In the North, New York broke the path for a thorough reformation of the law relative to the property rights of married women. As early as 1836 a proposal to effect this change was introduced in the legislature but not until 1848 was the married women’s property bill enacted into law. With the passage of the bill in 1848 the agitations of women apparently had little to do. According to the records printed in the History of Woman Suffrage, the measure was drawn by a member of the legislature who was eager to safeguard the rights of his wife, and it was vigorously pressed by another member equally eager to protect the interests of his daughter. The bill was introduced in January; it passed in April and was quickly signed by the governor. In the Senate the vote on the bill was: ayes 23 and nays 1. In the lower house of the legislature the vote was: ayes 93 and nays 9. During the whole proceeding only one petition favoring the bill was presented to the legislature and that petition was instigated by one of the members especially desirous of having the bill passed. So little did the leaders of the woman movement know about the history of the bill that years afterward one of them wrote to a member of the legislature asking him for information as to the origin and passage of the measure.

Perhaps the most remarkable thing about the New York Act was the ease with which it was carried through the legislature. The proposal was, from the point of view of Blackstone lawyers, radical and dangerous. As George Geddes, a sponsor of the bill in the Assembly, afterward wrote: “The measure was so radical, so extreme, that even its friends had doubts; but the moment any important amendment was offered, up rose the whole question of woman’s proper place in society, in the family, and everywhere. We all felt that the laws regulating women’s, as well as married men’s, rights demanded careful revision and adaptation to our times and to our civilization. No such regulation could be perfected, nor has it been since. We meant to strike a hard blow , and if possible shake the old system of laws to their foundations, and leave it to other times and wiser counsels to perfect a new system... . We had in the Senate a man of mature years, who had never had a wife. He was a lawyer well-read in the old books and versed in the adjudications which had determined that husband and wife were one person, and the husband was that person; and he expressed great fears in regard to meddling with this well-settled condition of domestic happiness. This champion of the past made long and very able arguments to show the ruin this law must work, but he voted for the bill in the final decision.”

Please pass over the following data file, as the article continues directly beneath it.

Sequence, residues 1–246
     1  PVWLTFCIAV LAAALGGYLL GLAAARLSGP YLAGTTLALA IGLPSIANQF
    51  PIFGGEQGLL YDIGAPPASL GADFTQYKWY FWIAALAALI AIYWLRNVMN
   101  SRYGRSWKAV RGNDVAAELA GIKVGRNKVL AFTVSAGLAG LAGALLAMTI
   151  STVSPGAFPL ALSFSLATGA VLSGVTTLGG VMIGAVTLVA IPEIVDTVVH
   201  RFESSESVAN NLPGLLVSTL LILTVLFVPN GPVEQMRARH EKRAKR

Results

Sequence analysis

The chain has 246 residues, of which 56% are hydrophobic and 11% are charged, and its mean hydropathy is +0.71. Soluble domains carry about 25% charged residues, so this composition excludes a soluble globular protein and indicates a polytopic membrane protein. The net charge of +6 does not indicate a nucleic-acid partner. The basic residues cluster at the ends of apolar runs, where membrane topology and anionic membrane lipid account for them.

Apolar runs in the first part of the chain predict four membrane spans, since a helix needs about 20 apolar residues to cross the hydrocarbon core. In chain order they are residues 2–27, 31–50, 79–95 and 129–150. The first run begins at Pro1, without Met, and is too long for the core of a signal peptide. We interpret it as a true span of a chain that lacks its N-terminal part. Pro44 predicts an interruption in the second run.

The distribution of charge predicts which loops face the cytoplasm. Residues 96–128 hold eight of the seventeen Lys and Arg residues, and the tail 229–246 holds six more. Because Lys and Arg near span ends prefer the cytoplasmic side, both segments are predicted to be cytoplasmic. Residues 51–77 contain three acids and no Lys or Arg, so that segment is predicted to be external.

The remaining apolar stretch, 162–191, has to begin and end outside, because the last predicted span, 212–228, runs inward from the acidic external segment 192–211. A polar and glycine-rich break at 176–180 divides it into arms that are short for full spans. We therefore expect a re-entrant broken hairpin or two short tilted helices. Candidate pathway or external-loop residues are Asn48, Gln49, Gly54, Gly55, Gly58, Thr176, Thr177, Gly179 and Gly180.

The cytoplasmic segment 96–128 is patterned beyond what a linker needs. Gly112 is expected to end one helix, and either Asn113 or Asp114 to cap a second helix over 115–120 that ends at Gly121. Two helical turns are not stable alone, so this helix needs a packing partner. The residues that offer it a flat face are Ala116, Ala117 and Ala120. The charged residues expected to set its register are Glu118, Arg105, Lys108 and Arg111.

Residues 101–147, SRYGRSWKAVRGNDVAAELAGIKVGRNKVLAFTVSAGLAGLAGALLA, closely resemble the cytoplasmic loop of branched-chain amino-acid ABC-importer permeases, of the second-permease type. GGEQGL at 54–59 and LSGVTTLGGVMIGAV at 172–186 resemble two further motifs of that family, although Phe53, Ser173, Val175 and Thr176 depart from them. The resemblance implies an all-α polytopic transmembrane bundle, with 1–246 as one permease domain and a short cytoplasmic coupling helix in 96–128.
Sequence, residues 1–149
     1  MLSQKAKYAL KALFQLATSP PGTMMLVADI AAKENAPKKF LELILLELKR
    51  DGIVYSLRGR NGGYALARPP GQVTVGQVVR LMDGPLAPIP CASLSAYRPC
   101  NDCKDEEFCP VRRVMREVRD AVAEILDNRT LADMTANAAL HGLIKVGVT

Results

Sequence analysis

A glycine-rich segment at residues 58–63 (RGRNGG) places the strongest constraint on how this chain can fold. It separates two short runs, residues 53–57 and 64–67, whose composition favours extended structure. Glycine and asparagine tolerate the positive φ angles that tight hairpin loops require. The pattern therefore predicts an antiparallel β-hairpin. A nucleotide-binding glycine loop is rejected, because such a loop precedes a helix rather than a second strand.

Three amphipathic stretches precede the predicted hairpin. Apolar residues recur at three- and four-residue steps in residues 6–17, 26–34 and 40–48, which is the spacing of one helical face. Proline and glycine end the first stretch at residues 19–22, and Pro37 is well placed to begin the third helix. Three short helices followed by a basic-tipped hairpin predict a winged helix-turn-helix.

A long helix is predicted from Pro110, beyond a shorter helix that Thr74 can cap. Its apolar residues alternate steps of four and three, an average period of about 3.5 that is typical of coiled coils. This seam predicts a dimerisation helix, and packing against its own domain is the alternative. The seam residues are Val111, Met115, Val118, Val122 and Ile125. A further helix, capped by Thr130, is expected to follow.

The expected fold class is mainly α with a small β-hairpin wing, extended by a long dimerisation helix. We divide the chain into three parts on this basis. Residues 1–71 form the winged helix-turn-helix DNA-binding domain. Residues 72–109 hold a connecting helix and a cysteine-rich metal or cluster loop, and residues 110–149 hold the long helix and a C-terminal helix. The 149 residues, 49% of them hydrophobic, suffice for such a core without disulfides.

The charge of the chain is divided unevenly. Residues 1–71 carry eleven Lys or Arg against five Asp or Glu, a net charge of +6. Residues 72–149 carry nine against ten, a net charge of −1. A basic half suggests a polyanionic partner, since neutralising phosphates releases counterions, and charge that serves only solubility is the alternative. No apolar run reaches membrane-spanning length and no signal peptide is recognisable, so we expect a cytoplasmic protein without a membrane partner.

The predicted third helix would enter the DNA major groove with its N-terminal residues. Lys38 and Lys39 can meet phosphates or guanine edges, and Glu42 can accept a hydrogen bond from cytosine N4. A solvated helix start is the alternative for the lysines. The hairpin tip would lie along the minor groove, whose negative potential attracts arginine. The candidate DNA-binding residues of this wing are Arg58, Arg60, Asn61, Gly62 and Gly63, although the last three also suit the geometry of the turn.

The New York law of 1848, as its sponsors had foreseen, was soon found to need amendments, and in time many amendments were passed. For example, an act of 1860 provided that “any married woman may bring and maintain an action in her own name for damages against any person or body corporate for any injury to her person or character.” The same statute also declared that “every married woman is constituted and declared to be the joint guardian of her children, with equal powers, rights, and duties in regard to them, with her husband.”

Two years later, in 1862, the New York legislature was again moved to make modifications in the rights of married women and men. Over this act, however, a heated dispute arose. Leaders in the woman movement asserted that the act marked retrogression and not progress in the development of married women’s rights. judge Charles J. Folger, who had been chairman of the judiciary committee of the New York Senate, in which the bill originated, took great pains to explain that, in his opinion, the new act gave greater powers and freedom to married women in most respects, while in others it enlarged the property rights of the husband. Whatever the merits of this controversy, it effectively illustrated the difficulty of settling, by egalitarian legislation, all at once and for all time, every issue pertaining to the respective rights and obligations of husband, wife, children, relatives, and creditors with reference to the ownership, use, partition, and disposition of property.